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Posts tagged: University of Arizona

Jointly Developed Watershed Assessment Model Being Used in Yosemite National Park

Bridalveil Falls, Yosemite National Park, California (USDA-NRCS photo by Ron Nichols).

Bridalveil Falls, Yosemite National Park, California (USDA-NRCS photo by Ron Nichols).

This post is part of the Science Tuesday feature series on the USDA blog. Check back each week as we showcase stories and news from USDA’s rich science and research portfolio.

An award-winning watershed assessment tool, the Automated Geospatial Watershed Assessment (AGWA), was deployed to assess potential Rim Fire threats in Yosemite National Park in California.  The park experienced a devastating fire that began on August 17, 2013, and took several months to contain. The fire burned more than 400 square miles in and around the park, cost $125.8 million to date, and is considered one of the largest wildfires in California’s history.

BAER (Burned Area Emergency Response) is a multi-agency group that includes USDA’s Forest Service and others, and is responsible for identifying potential threats such as downstream flooding and developing plans to rehabilitate and restore burned areas. BAER teams use AGWA to target immediate efforts to prevent threats to people, wildlife and the land.  Using AGWA combined with the burn severity map produced by BAER teams, experts can rapidly pull together information on pre- and post-fire conditions. For example, knowing where to apply mulch after a fire can reduce runoff and erosion and can help minimize downstream risks from fire induced land cover and soil changes. Read more »

Moving up and Out — These Trees Were Made for Walking

Although birch trees can’t literally walk, warming temperatures are causing a gradual migration of these and other tree and plant species to northern or higher elevation climates. USDA photo.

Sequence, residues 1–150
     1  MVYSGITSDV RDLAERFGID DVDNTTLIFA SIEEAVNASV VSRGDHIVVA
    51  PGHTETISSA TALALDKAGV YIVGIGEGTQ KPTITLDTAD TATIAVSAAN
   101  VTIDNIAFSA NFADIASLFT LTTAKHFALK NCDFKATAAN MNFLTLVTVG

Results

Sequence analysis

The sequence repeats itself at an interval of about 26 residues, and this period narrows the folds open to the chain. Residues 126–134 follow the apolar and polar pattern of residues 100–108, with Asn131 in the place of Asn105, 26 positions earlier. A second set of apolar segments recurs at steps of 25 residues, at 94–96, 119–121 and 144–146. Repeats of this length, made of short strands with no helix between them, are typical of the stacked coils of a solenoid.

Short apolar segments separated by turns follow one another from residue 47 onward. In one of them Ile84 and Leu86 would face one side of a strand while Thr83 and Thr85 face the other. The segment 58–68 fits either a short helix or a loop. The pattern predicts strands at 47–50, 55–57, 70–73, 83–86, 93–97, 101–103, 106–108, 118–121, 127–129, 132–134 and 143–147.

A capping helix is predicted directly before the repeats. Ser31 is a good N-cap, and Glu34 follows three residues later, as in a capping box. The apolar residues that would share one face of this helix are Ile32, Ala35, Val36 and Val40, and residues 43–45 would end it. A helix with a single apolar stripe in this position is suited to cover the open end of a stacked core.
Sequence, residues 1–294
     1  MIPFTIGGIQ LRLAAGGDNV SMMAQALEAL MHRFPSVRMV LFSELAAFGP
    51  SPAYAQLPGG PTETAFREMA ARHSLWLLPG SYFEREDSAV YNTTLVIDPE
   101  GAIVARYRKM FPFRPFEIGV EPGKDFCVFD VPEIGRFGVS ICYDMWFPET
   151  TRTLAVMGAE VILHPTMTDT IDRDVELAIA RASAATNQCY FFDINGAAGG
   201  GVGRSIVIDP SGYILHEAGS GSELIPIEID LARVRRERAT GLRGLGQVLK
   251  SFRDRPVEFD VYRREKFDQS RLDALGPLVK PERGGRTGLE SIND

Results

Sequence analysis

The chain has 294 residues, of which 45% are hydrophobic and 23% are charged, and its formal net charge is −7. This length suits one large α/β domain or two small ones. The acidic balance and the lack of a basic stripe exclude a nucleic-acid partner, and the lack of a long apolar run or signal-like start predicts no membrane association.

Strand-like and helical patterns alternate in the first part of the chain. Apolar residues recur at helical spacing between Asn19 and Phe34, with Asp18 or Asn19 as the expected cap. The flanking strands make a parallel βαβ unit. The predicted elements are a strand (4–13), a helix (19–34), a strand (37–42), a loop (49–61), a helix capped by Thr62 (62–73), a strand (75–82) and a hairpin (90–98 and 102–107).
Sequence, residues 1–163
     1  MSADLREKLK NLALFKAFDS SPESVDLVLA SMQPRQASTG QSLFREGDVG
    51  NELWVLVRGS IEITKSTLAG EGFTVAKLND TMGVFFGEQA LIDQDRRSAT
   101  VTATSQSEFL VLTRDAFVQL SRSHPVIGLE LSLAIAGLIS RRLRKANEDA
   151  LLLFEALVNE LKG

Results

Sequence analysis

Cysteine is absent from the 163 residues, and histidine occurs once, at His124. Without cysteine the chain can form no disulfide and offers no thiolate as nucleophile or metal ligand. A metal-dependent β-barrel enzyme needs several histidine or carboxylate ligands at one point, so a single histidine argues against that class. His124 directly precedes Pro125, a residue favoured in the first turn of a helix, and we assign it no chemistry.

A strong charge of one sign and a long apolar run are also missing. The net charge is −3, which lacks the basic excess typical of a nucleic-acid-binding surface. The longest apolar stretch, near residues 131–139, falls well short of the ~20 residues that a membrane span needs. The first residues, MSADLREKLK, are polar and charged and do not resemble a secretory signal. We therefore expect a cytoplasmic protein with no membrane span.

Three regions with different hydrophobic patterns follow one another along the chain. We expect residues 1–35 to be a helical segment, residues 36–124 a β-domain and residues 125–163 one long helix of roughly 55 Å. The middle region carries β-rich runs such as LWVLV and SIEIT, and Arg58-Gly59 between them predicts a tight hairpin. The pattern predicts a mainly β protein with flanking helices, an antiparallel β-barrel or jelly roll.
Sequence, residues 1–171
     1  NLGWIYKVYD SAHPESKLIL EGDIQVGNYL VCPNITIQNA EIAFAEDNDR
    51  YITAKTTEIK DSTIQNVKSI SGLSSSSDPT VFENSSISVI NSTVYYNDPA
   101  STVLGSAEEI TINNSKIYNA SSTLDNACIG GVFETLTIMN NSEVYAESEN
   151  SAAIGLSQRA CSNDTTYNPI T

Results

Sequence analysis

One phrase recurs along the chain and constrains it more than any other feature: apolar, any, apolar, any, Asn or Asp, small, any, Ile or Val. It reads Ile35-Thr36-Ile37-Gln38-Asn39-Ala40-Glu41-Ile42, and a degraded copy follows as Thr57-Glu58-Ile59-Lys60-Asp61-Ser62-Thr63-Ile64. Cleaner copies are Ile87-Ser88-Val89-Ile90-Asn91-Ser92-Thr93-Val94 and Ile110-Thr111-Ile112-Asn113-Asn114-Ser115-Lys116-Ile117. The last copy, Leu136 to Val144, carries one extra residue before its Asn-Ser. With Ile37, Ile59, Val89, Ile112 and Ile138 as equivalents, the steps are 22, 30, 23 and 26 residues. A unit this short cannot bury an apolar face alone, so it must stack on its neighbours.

Although birch trees can’t literally walk, warming temperatures are causing a gradual migration of these and other tree and plant species to northern or higher elevation climates. USDA photo.

With large areas of our planet heating up because of climate change, some trees (and plants) are pulling up roots and heading north, to higher elevations and to cooling climes—well, sort of.

A U.S. Forest Service-led study suggests there are a few dozen tree species in the eastern U.S. that are moving north at an unexpected rate.

“For some plants and trees, moving north is real and their only chance for survival,” said Chris Woodall, a research forester for Northern Research Station and the study’s author. “Our study confirms a link between global warming and forest migration. It’s no longer conjecture.” Read more »

Pest v. Pest: ARS Offers Method for Combating Whiteflies

ARS studies have shown that there are effective “greener” alternatives to conventional broad-spectrum pesticides for fighting sweet potato whiteflies on cotton plants.

ARS studies have shown that there are effective alternatives to conventional broad-spectrum pesticides for fighting sweet potato whiteflies on cotton plants.

This post is part of the Science Tuesday feature series on the USDA blog. Check back each week as we showcase stories and news from USDA’s rich science and research portfolio.

Some Arizona growers rely on broad-spectrum insecticides to treat whiteflies, but scientists with the USDA’s Agricultural Research Service (ARS) are studying the option of letting nature lend a hand in combating the costly pests. Read more »